My high school was a pioneer in integrating children with disabilities into mainstream education. I was one of about a dozen disabled kids out of a school population of 1,000, and as a result we attracted quite a lot of media attention. Unsurprisingly, I was often the person shoved in front of a camera, which, of course, I didn’t mind one little bit.
Other events in my childhood also attracted media coverage, such as receiving a new powered wheelchair paid for via the telethon ‘Children in need’. This resulted in my family and I being the subject of a video insert during the live money-raising show and a subsequent appearance by me on the BBC’s Six O'Clock news.
Looking back, most of this media was either presenting disabled people as charity cases or what might now be called ’inspiration porn
’. Two things I’d rally against today. Either way, it undoubtedly helped my confidence and fed a growing appetite for understanding how the media operated.
Then there were a number of chat shows, one of which I distinctly remember because it was the first time I’d experienced how to spin a story and, at the age of around 16, I was the one doing the spinning.
The production team behind audience participation chat show 'Kilroy’ had decided to do a special called 'Kids on Kilroy’ (if I recall correctly). The topic was what it’s like being a kid with a disability and societal attitudes towards disability.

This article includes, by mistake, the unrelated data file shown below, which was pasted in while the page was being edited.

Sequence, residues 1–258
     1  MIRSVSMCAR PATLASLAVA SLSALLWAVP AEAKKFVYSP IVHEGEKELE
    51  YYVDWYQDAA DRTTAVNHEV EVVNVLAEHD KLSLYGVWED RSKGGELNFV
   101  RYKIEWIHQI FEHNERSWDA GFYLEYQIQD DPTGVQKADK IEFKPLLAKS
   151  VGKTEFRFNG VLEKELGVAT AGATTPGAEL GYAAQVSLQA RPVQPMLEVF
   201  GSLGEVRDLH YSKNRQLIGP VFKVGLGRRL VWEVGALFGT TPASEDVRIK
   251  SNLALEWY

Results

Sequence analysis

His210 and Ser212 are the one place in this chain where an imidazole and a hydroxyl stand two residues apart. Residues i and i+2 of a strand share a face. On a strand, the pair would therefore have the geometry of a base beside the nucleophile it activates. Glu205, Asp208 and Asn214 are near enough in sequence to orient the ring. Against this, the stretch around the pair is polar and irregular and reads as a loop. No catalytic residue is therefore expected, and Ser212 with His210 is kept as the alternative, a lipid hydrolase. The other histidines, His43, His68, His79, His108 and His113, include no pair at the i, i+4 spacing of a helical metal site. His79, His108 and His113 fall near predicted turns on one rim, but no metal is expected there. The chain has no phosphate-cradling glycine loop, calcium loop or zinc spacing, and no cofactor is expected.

I was was tasked with being one of the main contributors, rather than simply being an audience member, after the show’s researchers had deemed I could be relied on to keep the conversation moving.
And relied on I was. But not to my liking. The recorded-as-live show soon descended into an hour-long inspiration porn-fest and I was the fall guy, never allowed to finish my point if it clashed with the show’s agenda, but called upon by the show’s presenter every time the conversation slowed. I became pretty pissed off but had little recourse.
Or so I thought.
A few days later a journalist at the local paper called me up with the aim of doing a feel-good story about local school kids appearing on a national TV show. You know the kind of thing.
“Let me give you a much better story,” I said, spotting my opportunity. “Oh?” replied the hack, who by now was listening intensely.
When the story was finally published the following week the headline read: 'Disabled pupil slams TV programme’.
I’ve never looked back.
The takeaway: Don’t always give a journalist the angle they ask for if you know you have something they (and you) will like even more.